|About this Abstract
||2010 Electronic Materials Conference
||TMS 2010 Electronic Materials Conference
||Q6, Surface-Interface Conductivity in Thin Film Gd-doped CeO2
||Matthew Swanson, Lakshmi Krishna, Natee Tangtrakarn, Madhana Sunder, P.D. Moran
|On-Site Speaker (Planned)
The ionic conductivity of a Gadolinium doped Ceria (GDC) interface/surface at temperatures between 300-700<SUP>o</SUP>C is of interest due to the application of the material as an electrolyte for low temperature Solid Oxide Fuel Cells (SOFCs). It has been asserted in the literature that the exceptionally high ionic conductivity observed in thin GDC films is due to the substrate/film interface or surface acting as a high conductivity path for ions [1, 2]. Those studies were not performed on single crystal GDC and, therefore, did not completely isolate the ionic conduction along the film surface and substrate/film interface. A study to extract the surface and interface contributions to the total ionic conductivity of GDC films has not been reported. This work addresses the need for such an analysis.
The approach taken in this work has been to fabricate a series of GDC single-crystal films of varying thicknesses on Al<SUB>2</SUB>O<SUB>3</SUB> substrates by RF magnetron sputtering and then to measure their conductivities over the 300-700<SUP>o</SUP>C temperature range. These data are analyzed to extract the differences in carrier concentration and activation energy of the single-crystal films as a function of film thickness. An analysis is performed to extract separate activation energies and specific conductivities for the bulk and interface/surface components of the total conductivity.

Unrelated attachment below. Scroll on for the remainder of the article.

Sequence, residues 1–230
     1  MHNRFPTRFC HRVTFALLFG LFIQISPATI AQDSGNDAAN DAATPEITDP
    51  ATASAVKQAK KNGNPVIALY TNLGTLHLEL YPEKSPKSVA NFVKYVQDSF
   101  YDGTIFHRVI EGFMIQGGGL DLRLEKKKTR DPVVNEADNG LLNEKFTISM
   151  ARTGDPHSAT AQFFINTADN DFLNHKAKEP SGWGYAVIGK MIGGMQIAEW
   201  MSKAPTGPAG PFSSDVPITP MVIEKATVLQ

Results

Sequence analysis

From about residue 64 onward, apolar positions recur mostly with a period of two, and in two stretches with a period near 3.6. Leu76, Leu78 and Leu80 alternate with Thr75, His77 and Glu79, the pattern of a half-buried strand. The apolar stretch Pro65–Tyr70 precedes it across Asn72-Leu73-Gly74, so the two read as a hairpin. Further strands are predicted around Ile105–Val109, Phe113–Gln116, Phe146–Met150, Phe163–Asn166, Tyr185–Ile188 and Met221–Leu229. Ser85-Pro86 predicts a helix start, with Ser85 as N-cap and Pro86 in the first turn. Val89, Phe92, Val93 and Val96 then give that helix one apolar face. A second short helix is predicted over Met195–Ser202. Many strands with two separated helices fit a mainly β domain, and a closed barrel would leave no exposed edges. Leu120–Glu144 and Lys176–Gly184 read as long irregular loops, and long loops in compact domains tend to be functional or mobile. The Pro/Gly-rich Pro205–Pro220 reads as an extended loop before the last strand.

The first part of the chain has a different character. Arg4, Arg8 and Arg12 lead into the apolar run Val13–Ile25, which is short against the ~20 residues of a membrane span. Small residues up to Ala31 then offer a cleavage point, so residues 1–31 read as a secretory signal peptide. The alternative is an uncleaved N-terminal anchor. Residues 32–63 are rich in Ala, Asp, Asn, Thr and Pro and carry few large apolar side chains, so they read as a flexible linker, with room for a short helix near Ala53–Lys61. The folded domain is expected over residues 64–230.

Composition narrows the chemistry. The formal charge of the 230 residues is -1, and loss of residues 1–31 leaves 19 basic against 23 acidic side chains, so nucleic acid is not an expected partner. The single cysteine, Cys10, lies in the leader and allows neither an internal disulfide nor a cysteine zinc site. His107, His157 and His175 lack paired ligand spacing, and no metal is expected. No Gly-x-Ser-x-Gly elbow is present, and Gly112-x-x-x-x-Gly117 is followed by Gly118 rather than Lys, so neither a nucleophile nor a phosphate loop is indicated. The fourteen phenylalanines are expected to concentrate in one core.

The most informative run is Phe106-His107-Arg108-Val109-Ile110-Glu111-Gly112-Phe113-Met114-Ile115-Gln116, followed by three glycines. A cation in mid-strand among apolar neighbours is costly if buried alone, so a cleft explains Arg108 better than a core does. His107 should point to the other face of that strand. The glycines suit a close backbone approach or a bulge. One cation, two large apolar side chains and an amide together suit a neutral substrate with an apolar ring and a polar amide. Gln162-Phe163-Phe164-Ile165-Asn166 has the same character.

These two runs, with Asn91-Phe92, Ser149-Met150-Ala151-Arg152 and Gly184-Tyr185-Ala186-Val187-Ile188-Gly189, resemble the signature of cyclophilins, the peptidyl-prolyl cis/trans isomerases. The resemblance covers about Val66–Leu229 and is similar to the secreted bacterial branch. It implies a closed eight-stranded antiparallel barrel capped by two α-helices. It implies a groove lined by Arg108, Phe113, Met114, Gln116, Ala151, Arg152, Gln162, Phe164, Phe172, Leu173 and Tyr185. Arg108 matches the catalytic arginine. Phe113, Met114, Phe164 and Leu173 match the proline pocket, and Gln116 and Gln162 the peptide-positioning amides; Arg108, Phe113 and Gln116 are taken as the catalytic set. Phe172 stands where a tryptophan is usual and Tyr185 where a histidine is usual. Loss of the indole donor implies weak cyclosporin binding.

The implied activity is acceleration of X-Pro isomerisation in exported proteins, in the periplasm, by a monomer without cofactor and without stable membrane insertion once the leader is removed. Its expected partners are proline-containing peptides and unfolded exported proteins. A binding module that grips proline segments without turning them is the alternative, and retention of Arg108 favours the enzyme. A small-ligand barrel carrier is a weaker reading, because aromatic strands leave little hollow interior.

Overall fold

In contrast to the assertions in the literature concerning ultrathin GDC films it is found that as the film thickness is decreased, so that the interface and surface conduction mechanism is more predominate, the total ionic conductivity decreases rather than increases. This data is analyzed in the framework of changes in the temperature-dependent carrier concentration and mobility of the surface and interface regions. Analysis of these data suggests that the temperature-dependent, oxygen non-stoichiometry can significantly affect the ionic conductivity of the GDC surface at temperatures lower than around 600<SUP>o</SUP>C. The GDC surface becomes disproportionally resistive at lower temperatures as vacancies are replaced with oxygen atoms, effectively reducing the carrier concentration. This reduction in the surface carrier concentration leads to a drop in total film conductivity by a factor of three from the 500 to 100 nm film at 300<SUP>o</SUP>C.